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of people who have managed ASCs for a long time but seem to be reluctant to take the exam. However, a recent trend shows that more and more management companies are requiring that their ad- ministrators have CASC certification, if not prior to hire, at least within the first year of employment. This trend further strengthens the support for the certification and, ultimately, the under- standing that every ASC administrator should have or be working towards ob- taining the credential. Over the last 10 years, we have seen considerable prog- ress toward acceptance and recognition of certification.” United Surgical Partners (USPI) is in step with this trend. “USPI knows how valuable a quali- fied administrator is to the viability and success of an ASC,” says Kristin Blewett, senior vice president of com-

A CASC credential indicates that a person understands the unique aspects of a surgery center.”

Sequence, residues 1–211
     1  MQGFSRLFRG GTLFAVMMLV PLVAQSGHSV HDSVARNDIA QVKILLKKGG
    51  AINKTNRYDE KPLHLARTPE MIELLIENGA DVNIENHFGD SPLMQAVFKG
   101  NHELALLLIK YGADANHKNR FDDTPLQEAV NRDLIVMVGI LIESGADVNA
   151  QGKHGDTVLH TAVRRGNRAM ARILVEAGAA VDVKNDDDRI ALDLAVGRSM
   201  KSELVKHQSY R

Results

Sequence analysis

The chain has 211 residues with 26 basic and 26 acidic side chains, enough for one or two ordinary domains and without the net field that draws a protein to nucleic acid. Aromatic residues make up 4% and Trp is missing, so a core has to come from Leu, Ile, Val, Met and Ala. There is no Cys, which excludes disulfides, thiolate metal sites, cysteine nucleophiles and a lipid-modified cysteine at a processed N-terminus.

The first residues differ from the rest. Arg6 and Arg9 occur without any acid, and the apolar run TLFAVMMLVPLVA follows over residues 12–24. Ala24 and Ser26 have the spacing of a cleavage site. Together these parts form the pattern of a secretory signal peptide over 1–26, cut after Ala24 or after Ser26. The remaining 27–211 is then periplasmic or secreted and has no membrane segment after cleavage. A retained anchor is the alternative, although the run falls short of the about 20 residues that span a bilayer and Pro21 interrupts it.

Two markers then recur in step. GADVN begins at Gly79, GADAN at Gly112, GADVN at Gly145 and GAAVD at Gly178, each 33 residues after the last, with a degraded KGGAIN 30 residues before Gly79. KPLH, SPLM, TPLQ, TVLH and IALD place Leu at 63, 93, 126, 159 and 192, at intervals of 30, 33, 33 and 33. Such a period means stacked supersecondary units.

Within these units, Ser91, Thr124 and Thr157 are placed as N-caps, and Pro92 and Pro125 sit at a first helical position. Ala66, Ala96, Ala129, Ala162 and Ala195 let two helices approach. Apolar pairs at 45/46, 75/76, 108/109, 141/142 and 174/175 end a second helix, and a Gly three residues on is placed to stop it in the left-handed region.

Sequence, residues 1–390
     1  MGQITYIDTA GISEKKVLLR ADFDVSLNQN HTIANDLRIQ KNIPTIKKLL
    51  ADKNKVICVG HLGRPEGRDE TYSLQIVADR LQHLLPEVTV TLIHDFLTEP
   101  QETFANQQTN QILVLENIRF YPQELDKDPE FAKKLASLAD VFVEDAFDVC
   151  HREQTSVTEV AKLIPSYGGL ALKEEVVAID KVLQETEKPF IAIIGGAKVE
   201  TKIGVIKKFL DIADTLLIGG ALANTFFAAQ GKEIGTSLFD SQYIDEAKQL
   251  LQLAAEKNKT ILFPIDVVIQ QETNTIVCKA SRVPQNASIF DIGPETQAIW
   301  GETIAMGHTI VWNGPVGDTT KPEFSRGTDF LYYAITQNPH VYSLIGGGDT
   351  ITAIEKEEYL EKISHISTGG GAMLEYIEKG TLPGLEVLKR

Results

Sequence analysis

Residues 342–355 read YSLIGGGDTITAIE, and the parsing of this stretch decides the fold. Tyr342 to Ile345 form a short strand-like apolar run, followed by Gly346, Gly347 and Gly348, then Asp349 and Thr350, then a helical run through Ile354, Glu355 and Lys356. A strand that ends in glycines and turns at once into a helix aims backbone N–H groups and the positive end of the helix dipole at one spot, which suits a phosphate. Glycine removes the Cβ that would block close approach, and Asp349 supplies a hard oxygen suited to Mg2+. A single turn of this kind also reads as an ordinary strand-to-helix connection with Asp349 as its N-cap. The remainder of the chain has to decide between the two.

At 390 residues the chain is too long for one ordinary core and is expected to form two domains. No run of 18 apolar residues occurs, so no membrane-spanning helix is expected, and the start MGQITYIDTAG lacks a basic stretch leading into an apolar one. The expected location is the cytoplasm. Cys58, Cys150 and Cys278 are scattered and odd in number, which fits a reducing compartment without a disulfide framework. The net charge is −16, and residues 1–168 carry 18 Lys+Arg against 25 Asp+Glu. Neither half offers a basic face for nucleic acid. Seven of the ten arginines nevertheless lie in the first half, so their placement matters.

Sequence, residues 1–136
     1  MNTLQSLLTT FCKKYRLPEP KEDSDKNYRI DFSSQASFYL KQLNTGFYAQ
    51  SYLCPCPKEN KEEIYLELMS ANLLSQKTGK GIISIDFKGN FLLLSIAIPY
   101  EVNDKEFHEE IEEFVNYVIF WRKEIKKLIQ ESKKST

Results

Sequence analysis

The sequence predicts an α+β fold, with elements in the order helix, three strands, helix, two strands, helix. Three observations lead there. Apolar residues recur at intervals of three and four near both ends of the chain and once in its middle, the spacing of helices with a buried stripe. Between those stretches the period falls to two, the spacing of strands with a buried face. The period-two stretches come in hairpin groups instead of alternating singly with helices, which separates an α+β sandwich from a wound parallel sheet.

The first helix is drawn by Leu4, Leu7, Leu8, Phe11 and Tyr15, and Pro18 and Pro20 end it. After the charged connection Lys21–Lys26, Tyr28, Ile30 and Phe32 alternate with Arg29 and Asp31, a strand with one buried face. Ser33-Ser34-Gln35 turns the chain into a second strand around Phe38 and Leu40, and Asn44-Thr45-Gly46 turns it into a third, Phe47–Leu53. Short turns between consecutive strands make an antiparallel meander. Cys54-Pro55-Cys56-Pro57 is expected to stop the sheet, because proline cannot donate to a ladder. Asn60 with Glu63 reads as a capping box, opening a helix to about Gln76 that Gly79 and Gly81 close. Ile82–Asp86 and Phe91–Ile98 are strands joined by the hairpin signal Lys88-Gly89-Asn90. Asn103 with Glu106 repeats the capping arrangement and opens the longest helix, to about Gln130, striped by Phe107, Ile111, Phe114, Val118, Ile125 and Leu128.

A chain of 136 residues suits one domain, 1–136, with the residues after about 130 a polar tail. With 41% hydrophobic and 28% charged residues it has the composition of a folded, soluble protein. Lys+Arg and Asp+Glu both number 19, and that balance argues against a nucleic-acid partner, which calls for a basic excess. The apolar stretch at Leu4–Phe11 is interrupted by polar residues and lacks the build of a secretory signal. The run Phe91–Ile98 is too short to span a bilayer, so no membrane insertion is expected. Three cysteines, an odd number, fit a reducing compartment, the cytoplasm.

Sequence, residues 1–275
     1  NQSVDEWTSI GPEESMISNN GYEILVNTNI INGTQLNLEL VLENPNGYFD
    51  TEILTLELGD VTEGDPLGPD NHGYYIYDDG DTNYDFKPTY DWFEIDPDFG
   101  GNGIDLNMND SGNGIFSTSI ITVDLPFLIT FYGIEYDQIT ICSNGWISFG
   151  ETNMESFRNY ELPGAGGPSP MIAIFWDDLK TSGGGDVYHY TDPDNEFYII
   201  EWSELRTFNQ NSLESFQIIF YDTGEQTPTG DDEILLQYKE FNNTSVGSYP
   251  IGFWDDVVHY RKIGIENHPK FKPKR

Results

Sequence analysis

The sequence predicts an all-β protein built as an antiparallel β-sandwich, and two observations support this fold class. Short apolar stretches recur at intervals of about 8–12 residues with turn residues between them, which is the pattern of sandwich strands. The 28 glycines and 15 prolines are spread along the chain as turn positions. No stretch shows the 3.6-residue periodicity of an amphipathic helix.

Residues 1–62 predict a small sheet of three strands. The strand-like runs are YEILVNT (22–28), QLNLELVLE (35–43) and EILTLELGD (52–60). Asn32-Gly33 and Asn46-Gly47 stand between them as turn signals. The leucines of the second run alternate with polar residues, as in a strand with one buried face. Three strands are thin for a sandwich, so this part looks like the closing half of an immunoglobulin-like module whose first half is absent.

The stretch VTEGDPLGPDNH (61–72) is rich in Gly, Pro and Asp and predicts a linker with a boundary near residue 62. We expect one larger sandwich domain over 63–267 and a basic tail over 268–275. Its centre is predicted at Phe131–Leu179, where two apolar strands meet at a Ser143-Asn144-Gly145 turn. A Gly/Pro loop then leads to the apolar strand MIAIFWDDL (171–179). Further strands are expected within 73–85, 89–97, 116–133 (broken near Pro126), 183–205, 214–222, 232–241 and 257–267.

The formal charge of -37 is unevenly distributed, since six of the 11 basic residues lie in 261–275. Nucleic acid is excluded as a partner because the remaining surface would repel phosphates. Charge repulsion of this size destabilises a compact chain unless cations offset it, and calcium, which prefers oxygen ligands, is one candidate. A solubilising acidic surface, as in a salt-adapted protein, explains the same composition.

—Arthur E. Casey, CASC, Outpatient Healthcare Strategies

munications at the company. The CASC credential, she adds, recognizes a high level of achievement and expertise. To make CASC certification more

popular, BASC is stepping up its mar- keting efforts. “We are doing a grass- roots outreach effort through the state ASC organizations, using the ASCA web site to spread the word and exhib- iting at a variety of ASC meetings,” Weiss says. “We’ve been increasing our numbers every year, but we don’t have a defining goal. We just want to maintain the momentum.”

Weiss, himself, took the test back in 2005, after being an administrator for four years. “I wanted to do it as a personal achievement,” he says. “It validates that I meet the benchmark for the position.” Every ASC administrator should

take the exam, McLane says. “It demonstrates a level of competence. We credential our organizations to show that we care enough to provide the best care possible. The CASC credential does the same for admin- istrators: makes them the best they can be.”


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